Thursday, December 16, 2010

Do we need Republican scientists?

So we have talked already about how educated people increasingly do not identify with the Republicans. We've also talked about how the Republicans cherry-pick fringe science. Not surprisingly, only about 6% of active scientists identify as Republican (but 32% are independent). Daniel Sarewitz in Slate writes
Yet, partisan politics aside, why should it matter that there are so few Republican scientists? After all, it's the scientific facts that matter, and facts aren't blue or red…..Republicans appear to be alienated from a mainstream scientific community that by and large doesn't share their political beliefs. The climate debacle is only the most conspicuous example of these debilitating tendencies, which play out in issues as diverse as nuclear waste disposal, protection of endangered species, and regulation of pharmaceuticals. …A democratic society needs Republican scientists.
Why is this the case? The Economist responds
I can think of three testable hypotheses they might look into. The first is that scientists are hostile towards Republicans, which scares young Republicans away from careers in science. The second is that Republicans are hostile towards science, and don't want to go into careers in science. The third is that young people who go into the sciences tend to end up becoming Democrats, due to factors inherent in the practice of science or to peer-group identification with other scientists.
Well, you could always ask….

I've been a scientist for more than half my life. When you think of the stereotype of the academic loony left and excessive political correctness of universities, that's generally not found in the sciences. Scientists are often quite conservative by comparison. I've know many who are devout readers of the Wall Street Journal. These folks almost certainly identified as Republican in the past: the old-style Republicans, fiscally very conservative and socially more or less libertarian.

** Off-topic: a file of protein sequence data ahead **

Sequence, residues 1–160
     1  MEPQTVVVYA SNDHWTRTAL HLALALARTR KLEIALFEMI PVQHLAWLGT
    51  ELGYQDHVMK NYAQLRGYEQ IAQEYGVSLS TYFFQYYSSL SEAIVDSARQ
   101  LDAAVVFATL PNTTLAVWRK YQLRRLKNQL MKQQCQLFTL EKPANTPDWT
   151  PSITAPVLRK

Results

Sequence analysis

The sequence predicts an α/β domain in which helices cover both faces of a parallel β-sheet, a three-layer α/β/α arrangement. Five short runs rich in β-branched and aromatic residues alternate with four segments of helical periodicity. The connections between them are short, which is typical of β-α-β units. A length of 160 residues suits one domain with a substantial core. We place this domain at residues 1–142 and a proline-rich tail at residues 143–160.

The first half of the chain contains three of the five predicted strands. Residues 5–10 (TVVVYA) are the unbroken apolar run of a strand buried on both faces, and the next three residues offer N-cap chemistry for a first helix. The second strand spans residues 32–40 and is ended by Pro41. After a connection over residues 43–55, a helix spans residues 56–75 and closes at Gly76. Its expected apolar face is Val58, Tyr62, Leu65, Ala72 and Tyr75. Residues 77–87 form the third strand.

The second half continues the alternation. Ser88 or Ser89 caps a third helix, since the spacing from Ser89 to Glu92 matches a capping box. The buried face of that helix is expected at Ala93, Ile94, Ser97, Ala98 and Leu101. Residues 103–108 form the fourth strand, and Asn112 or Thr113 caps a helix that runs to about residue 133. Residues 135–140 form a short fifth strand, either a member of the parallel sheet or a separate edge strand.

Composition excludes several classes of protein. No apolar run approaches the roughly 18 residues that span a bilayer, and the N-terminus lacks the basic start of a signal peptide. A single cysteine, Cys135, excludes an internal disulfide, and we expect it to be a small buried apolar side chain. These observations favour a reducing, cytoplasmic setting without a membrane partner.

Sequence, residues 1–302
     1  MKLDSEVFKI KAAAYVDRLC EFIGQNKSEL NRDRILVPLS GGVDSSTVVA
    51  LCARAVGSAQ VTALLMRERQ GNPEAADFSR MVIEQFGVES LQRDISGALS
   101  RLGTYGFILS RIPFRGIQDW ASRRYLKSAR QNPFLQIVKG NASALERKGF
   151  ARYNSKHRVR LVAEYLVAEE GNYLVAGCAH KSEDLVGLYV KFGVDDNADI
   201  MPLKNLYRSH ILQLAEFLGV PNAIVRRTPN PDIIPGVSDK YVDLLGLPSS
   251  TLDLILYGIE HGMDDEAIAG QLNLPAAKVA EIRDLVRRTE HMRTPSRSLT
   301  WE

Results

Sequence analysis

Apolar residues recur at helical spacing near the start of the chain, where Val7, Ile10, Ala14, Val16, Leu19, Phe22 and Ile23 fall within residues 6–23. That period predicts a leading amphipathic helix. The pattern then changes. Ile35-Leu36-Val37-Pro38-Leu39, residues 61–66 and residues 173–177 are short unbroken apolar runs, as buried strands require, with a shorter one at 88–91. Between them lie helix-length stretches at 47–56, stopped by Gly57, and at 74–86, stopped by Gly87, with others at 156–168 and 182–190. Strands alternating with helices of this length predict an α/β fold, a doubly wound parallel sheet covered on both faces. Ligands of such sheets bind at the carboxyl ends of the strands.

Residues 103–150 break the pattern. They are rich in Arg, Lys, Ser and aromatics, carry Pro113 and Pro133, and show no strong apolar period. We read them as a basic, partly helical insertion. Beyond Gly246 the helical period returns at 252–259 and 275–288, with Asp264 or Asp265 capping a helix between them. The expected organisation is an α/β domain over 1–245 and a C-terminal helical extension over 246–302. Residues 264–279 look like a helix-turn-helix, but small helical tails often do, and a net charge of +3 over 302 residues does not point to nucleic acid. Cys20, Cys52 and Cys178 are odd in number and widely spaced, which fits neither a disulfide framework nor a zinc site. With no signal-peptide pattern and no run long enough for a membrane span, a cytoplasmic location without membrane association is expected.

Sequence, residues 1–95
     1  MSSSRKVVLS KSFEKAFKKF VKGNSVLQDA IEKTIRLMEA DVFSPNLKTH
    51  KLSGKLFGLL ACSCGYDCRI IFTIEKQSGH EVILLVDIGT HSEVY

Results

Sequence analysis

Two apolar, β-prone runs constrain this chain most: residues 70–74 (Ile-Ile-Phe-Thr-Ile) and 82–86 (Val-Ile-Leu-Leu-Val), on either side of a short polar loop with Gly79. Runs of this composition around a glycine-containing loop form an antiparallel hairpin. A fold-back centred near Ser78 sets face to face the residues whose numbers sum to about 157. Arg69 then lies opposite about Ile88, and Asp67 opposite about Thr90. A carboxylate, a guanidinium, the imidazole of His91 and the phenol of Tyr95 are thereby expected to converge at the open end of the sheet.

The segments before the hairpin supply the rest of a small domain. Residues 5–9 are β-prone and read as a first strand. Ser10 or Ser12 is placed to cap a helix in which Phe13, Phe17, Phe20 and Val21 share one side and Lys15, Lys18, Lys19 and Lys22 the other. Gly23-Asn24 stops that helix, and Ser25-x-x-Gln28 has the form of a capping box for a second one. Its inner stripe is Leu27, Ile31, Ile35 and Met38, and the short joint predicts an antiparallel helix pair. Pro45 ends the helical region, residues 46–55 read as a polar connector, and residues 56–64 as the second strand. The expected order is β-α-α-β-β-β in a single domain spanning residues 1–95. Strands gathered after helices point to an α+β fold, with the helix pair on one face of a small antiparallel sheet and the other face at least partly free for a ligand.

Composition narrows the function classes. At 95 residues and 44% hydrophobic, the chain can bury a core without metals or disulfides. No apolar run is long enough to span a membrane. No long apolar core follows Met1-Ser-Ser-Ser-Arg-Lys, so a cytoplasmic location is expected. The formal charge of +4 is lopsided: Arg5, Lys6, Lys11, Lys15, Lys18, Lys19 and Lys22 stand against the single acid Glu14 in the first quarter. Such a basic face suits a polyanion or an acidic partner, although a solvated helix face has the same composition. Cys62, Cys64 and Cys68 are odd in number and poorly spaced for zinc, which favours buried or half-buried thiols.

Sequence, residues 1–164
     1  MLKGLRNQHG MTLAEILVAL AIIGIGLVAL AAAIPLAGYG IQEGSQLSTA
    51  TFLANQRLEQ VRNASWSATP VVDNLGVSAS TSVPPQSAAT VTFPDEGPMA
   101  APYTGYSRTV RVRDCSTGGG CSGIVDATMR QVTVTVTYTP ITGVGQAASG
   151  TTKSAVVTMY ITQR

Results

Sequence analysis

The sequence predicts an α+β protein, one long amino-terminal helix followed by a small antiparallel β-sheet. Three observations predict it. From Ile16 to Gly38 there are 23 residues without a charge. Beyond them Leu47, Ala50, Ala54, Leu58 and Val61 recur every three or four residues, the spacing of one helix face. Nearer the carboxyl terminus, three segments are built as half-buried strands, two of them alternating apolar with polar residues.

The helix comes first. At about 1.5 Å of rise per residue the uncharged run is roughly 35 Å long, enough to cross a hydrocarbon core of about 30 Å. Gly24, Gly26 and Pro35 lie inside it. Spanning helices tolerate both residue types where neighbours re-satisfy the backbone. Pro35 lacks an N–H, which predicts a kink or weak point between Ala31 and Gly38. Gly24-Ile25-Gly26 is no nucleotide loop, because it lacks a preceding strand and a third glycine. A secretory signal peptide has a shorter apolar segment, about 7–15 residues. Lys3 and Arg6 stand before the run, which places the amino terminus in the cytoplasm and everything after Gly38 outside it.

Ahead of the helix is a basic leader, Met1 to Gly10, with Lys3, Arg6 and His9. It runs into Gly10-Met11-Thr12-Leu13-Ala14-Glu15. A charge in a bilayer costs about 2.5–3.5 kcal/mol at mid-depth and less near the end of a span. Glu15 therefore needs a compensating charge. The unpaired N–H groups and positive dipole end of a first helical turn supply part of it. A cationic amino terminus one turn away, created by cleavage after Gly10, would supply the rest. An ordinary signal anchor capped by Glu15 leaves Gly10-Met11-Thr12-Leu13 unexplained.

But that's before the Republicans started denying science. The Culture Wars I think dismayed a lot of scientists. I suspect a large fraction of those who identify as Independent feel driven out of the current Republican party, which is a friend of the fringe, and actively antagonistic to facts and educational accomplishment. Moreover, part of the ethos of science is to be persuaded by facts. The Republican ethos now is the equivalent of putting its fingers in its ears and singing "La La La I can't hear you!" when presented with facts for example about climate change. The scientists didn't leave the REpublican party. The Republican party changed.

Insofar as the Republicans won't believe scientists, because scientists aren't Republican, yes, there's a problem. But the deeper problem is that the Republicans have politicized science and assume that scientists cannot be trusted if they are not REpublican. I don't know how you reconnect the Republicans with the values of knowledge, evidence and education. Looking at the crap coming out of DC, I despair that you can.


JCF said...

Not quite on-topic, but related:

Young Canadians quitting religion: